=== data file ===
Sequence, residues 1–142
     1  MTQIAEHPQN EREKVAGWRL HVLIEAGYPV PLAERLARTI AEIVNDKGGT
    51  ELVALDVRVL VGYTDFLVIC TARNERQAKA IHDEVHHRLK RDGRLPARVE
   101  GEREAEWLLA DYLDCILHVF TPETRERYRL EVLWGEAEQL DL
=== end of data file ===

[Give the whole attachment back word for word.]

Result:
Sequence, residues 1–142
     1  MTQIAEHPQN EREKVAGWRL HVLIEAGYPV PLAERLARTI AEIVNDKGGT
    51  ELVALDVRVL VGYTDFLVIC TARNERQAKA IHDEVHHRLK RDGRLPARVE
   101  GEREAEWLLA DYLDCILHVF TPETRERYRL EVLWGEAEQL DL